By Mike Phillips, Senior Editor
They say you should always dress
for the job you want. It’s true — just
ask the FreeCreditReport.com hipster.
When it comes down to it,
those who look the part usually get
it. We live and work in a largely
superficial world. As marketers,
retailers and publishers, the perceptions
others have of our websites
and brands are inextricably linked to
our ultimate success.
How is your website design holding up these
days? Do you look amateurish next to your
competitors? Are vital links easy to find —
and do they all work? What about load time?
We do a lot of research around here. And
while information abounds, trustworthy
information is much harder to find. There
are times when I might come across an interesting
bit of information that warrants further
investigation. But sometimes that
nugget is buried in a pile of visual misery.
Lime green backgrounds with yellow type,
text that overruns the borders of the page,
flashing ads all over the place ... it all adds up
to lessen the value of the information on the
page. It’s hard for me to trust what I’m being
told when I feel like a sucker for looking at
the website in the first place — not to mention
terrified to click a link for more information.
A site like Wikipedia isn’t exactly a
beauty. But they have the luxury of being a
valued, known resource. You don’t.
More and more, consumers expect to
find your business in multiple places —
Facebook, Twitter, YouTube, and so on. Is
your Twitter background consistent with the
appearance of your website? It should be.
Take a quick look at every portal on which
your company has a presence. Is your brand
immediately recognizable, or do you have to
look for similarities?
Appearances must be kept. Avoid that
photo of you from college with the beer-can
pyramid for your Twitter profile. Keep your
personal Facebook profile far, far away from
your business page. And set up separate
YouTube channels — clients don’t need to
see a trip to the family fishing hole along side
“a message from the CEO.”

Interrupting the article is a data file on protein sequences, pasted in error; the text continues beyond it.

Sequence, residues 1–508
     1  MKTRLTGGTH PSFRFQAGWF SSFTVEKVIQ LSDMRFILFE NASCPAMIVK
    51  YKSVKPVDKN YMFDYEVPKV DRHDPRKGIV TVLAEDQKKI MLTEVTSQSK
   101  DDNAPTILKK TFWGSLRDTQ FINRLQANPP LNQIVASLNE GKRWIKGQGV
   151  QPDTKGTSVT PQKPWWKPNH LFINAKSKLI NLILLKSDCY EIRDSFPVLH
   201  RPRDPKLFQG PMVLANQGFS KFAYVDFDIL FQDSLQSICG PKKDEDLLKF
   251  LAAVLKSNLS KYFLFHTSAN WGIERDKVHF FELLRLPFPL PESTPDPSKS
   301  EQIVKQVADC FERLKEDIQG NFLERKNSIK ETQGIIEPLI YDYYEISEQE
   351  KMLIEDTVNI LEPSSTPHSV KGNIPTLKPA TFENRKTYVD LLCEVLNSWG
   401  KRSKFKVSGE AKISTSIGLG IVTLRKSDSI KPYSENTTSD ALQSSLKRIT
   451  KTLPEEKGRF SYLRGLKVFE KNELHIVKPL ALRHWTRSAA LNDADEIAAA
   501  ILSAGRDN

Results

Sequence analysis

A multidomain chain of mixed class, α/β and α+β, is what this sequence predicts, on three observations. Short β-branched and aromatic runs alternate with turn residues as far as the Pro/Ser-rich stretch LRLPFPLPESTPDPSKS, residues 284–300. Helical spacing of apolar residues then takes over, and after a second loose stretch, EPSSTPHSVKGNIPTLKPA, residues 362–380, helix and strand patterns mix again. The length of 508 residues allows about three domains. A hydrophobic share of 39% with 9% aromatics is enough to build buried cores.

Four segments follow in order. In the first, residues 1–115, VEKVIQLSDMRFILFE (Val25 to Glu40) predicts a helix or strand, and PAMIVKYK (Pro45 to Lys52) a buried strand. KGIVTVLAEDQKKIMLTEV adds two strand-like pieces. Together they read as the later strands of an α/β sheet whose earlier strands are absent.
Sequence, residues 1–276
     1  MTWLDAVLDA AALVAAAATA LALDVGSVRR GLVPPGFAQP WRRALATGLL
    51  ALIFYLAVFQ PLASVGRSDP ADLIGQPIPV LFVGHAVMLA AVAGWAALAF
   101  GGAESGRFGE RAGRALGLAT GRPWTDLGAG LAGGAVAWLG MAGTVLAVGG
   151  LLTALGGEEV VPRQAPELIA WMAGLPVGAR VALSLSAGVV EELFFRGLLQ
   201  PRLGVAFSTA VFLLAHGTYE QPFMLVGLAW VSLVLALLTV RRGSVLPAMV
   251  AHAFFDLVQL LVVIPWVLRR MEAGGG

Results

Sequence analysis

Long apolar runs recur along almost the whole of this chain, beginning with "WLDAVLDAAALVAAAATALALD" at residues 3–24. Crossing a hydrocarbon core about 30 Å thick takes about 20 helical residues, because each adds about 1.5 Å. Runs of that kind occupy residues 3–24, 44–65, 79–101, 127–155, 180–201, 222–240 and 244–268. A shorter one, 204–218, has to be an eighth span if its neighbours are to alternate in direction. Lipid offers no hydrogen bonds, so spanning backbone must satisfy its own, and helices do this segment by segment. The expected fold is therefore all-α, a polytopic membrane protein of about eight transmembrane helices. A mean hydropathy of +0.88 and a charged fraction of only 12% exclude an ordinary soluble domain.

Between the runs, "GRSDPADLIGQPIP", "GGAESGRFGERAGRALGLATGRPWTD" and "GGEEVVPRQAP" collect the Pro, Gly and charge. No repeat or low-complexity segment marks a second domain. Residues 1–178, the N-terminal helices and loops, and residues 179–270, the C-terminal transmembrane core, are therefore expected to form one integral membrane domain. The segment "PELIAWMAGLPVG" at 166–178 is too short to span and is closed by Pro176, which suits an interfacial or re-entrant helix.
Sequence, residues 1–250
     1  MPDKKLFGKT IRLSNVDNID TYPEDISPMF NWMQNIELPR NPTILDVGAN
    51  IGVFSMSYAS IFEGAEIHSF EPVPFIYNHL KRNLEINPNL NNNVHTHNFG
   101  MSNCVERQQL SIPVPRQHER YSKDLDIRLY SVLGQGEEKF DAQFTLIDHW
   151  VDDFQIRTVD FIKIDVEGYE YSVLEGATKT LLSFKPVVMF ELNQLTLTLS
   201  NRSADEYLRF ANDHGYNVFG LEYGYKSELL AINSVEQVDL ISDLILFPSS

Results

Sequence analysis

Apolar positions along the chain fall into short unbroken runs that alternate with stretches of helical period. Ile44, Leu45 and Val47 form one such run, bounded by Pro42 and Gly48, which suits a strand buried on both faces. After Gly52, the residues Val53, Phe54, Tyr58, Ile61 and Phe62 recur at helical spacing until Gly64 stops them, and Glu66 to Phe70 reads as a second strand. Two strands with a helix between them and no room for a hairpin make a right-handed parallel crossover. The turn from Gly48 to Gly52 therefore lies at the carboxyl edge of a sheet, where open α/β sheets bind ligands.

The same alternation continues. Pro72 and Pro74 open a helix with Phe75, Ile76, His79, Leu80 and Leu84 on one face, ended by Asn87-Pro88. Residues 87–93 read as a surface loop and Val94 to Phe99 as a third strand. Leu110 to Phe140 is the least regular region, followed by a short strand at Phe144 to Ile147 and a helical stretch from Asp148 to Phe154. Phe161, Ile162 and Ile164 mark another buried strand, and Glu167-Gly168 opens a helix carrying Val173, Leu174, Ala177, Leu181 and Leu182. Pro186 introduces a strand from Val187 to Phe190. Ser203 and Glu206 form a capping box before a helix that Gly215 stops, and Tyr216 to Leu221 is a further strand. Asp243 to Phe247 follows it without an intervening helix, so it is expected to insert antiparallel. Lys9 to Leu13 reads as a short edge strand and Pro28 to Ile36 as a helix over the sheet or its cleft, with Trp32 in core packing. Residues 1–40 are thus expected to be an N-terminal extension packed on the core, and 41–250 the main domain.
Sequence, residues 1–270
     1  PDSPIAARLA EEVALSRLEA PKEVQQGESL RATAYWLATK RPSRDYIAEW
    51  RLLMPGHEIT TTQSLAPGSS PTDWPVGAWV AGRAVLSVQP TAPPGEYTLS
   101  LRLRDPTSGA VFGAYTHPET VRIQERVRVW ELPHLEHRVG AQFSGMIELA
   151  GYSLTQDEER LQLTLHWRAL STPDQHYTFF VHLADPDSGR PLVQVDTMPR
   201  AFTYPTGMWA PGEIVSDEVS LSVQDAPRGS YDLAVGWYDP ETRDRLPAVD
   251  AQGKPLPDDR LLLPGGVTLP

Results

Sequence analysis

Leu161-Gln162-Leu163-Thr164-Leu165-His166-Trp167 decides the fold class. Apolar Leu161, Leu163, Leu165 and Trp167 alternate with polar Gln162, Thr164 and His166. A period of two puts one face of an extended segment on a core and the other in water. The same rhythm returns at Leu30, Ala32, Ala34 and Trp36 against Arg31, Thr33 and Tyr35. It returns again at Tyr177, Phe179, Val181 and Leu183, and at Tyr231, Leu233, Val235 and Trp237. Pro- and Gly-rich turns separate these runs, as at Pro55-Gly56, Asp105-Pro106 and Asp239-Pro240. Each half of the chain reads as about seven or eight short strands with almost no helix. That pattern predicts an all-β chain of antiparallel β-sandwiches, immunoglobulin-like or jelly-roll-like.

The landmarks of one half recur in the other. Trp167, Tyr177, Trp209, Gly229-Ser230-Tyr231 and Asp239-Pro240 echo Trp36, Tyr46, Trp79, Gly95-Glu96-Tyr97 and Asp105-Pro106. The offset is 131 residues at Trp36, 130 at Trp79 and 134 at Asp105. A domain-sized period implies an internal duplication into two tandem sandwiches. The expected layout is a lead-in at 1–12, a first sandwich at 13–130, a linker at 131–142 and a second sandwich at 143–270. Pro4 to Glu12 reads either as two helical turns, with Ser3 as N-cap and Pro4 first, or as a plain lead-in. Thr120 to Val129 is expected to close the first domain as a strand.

You’re a professional.
But its not just design; what about your
website copy? Pay attention to every word
published on your website and in your ads ...
or anywhere else, for that matter. Take your
time and read over everything you write. Use
a spell checker. Did someone on your team
major in English? Use them to proof your
You don’t need to be a professional copy
editor or possess the wit of Mark Twain. Let’s
face it — writing about products and services
isn’t exactly poetry. And, there are times
when a casual or conversational tone is
appropriate. But more often than not, that’s
not the case. The point is, if it’s used to discuss
your business make it business-worthy.
You wouldn’t possibly hang a misspelled
banner outside a brick-and-mortar store,
You’re a professional.
And what about your company’s most
valuable resource? In the end, you represent
your company. We might be connected by
cables and satellites these days, but most critical
times in business occur in person. Just
because you can optimize your SEO campaign
in your underwear doesn’t mean you
should carry that attitude to the next company
meeting or industry conference. Jeans and
loafers made you a forward-thinking maverick
before the dot-com bust. Now it just
looks like you’re another person with a getrich-
quick idea and no real business experience.
The same goes for your company’s
physical, personal touch points. Go ahead
and spend the extra $20 on the glossy business
After all, you’re a professional.